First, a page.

Rainfall rates of a half-inch to nearly eight-tenths of an inch in 30 minutes resulted in significant and in some cases devastating flash flooding.
A total of 1.18" of rain was measured by the automated weather station at McCarran International Airport.
This set an all-time record for a calendar day for the month of September.
Automated weather stations operated by the Clark County Regional Flood Control District as well as Mesonet weather stations, cooperative observers and spotter reports showed the heaviest rain fell in several areas.
1"-2" of rain fell in northern portions of Summerlin, NV, in and just south of downtown Las Vegas, NV, along Flamingo Road and Tropicana Avenue from near Interstate 15 to near Mojave Road and in southeast Henderson, NV.
The highest total reported was 2.09" at an automated station operated by the Clark County Regional Flood Control District near Swenson Avenue and Flamingo Road by the Tropicana Wash.
According to local media reports, at least 50 vehicle rescues took place throughout the Las Vegas Valley by Clark County Firefighters.
40 of these were swiftwater rescues.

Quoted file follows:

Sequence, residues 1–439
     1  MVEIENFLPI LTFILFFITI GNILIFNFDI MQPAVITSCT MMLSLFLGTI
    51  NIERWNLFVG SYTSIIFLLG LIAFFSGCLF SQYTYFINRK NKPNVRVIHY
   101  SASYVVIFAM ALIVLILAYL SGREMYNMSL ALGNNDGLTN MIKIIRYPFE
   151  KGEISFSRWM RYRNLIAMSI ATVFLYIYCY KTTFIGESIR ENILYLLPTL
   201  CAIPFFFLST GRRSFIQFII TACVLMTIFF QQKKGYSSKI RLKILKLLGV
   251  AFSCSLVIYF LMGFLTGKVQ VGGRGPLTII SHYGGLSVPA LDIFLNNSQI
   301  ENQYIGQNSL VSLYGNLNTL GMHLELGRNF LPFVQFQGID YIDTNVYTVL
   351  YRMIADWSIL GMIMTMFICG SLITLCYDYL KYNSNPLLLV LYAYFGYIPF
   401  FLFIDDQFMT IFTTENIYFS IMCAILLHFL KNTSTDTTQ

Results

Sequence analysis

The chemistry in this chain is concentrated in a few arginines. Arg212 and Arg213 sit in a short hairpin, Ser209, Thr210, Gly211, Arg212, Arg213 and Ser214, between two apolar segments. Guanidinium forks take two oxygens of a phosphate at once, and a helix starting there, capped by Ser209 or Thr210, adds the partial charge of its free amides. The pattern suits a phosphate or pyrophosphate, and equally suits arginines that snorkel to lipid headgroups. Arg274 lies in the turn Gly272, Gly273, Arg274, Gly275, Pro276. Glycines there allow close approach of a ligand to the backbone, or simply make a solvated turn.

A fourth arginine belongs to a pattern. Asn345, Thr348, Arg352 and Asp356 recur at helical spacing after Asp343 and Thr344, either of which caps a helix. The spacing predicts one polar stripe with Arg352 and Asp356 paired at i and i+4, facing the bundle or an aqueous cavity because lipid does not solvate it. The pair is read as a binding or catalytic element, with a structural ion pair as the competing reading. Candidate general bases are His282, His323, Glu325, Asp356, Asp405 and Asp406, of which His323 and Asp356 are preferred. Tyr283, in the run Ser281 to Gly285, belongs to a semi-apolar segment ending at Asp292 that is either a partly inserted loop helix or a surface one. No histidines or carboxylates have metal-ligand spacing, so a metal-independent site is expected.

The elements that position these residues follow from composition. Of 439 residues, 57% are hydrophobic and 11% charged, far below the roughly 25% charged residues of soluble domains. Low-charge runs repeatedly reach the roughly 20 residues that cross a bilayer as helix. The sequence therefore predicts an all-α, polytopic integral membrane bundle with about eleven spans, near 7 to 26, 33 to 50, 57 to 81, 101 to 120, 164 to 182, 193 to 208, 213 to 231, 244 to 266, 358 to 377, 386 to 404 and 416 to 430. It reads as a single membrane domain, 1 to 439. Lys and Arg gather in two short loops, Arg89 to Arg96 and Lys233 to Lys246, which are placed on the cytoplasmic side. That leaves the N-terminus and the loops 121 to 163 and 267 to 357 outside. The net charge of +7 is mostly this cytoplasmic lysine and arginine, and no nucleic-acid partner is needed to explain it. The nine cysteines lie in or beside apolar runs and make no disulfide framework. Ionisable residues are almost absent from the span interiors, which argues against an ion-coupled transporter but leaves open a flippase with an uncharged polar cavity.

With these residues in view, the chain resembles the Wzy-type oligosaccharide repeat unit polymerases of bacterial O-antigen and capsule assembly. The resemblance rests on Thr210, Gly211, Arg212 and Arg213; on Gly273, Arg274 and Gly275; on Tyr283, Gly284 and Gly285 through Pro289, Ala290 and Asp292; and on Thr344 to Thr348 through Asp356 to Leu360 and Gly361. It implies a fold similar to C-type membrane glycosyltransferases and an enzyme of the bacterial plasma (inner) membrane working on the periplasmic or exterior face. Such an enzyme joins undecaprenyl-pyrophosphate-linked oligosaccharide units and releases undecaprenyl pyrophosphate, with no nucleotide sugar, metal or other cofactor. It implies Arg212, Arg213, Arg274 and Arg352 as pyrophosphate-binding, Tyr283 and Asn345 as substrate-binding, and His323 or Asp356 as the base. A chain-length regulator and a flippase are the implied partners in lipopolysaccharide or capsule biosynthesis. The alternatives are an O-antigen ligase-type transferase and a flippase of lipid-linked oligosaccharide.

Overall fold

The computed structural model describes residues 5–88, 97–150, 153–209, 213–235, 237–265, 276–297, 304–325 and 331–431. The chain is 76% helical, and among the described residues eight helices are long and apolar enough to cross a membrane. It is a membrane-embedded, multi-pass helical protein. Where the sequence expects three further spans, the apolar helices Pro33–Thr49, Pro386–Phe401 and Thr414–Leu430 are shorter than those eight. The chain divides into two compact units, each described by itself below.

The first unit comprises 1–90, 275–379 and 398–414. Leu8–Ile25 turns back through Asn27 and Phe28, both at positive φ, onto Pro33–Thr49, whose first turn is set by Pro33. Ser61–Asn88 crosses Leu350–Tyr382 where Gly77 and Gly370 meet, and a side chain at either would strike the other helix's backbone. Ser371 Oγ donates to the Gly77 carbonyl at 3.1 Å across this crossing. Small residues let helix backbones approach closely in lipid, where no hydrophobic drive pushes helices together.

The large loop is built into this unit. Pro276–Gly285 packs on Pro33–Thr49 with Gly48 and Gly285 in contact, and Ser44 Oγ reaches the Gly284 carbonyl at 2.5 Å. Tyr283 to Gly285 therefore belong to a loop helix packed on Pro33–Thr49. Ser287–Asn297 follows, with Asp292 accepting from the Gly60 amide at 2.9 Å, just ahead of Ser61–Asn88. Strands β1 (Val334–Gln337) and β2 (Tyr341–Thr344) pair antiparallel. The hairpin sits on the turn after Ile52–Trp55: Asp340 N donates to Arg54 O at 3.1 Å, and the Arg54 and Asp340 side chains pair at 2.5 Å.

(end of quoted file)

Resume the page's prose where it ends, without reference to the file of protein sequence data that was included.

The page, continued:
The largest number of rescues was 15 near the intersection of Sloan and Sahara with one rescue done by helicopter.
Roadway flooding was extensive with several inches to several feet of flowing water reported on many roads especially in the central and eastern parts of the Las Vegas Valley.
Interstate 215 was closed from Interstate 15 to Eastern Avenue after intense rainfall washed large amounts of mud and rocks onto the highway from nearby landscaping along the side of the road. This also resulted in the Airport Connector to McCarran International Airport being closed.
The Charleston Underpass flooded for the first time since extensive construction work was done to mitigate this once flood-prone area back in the mid-2000s.
The worst impacted area though was near the Desert Rose Golf Course.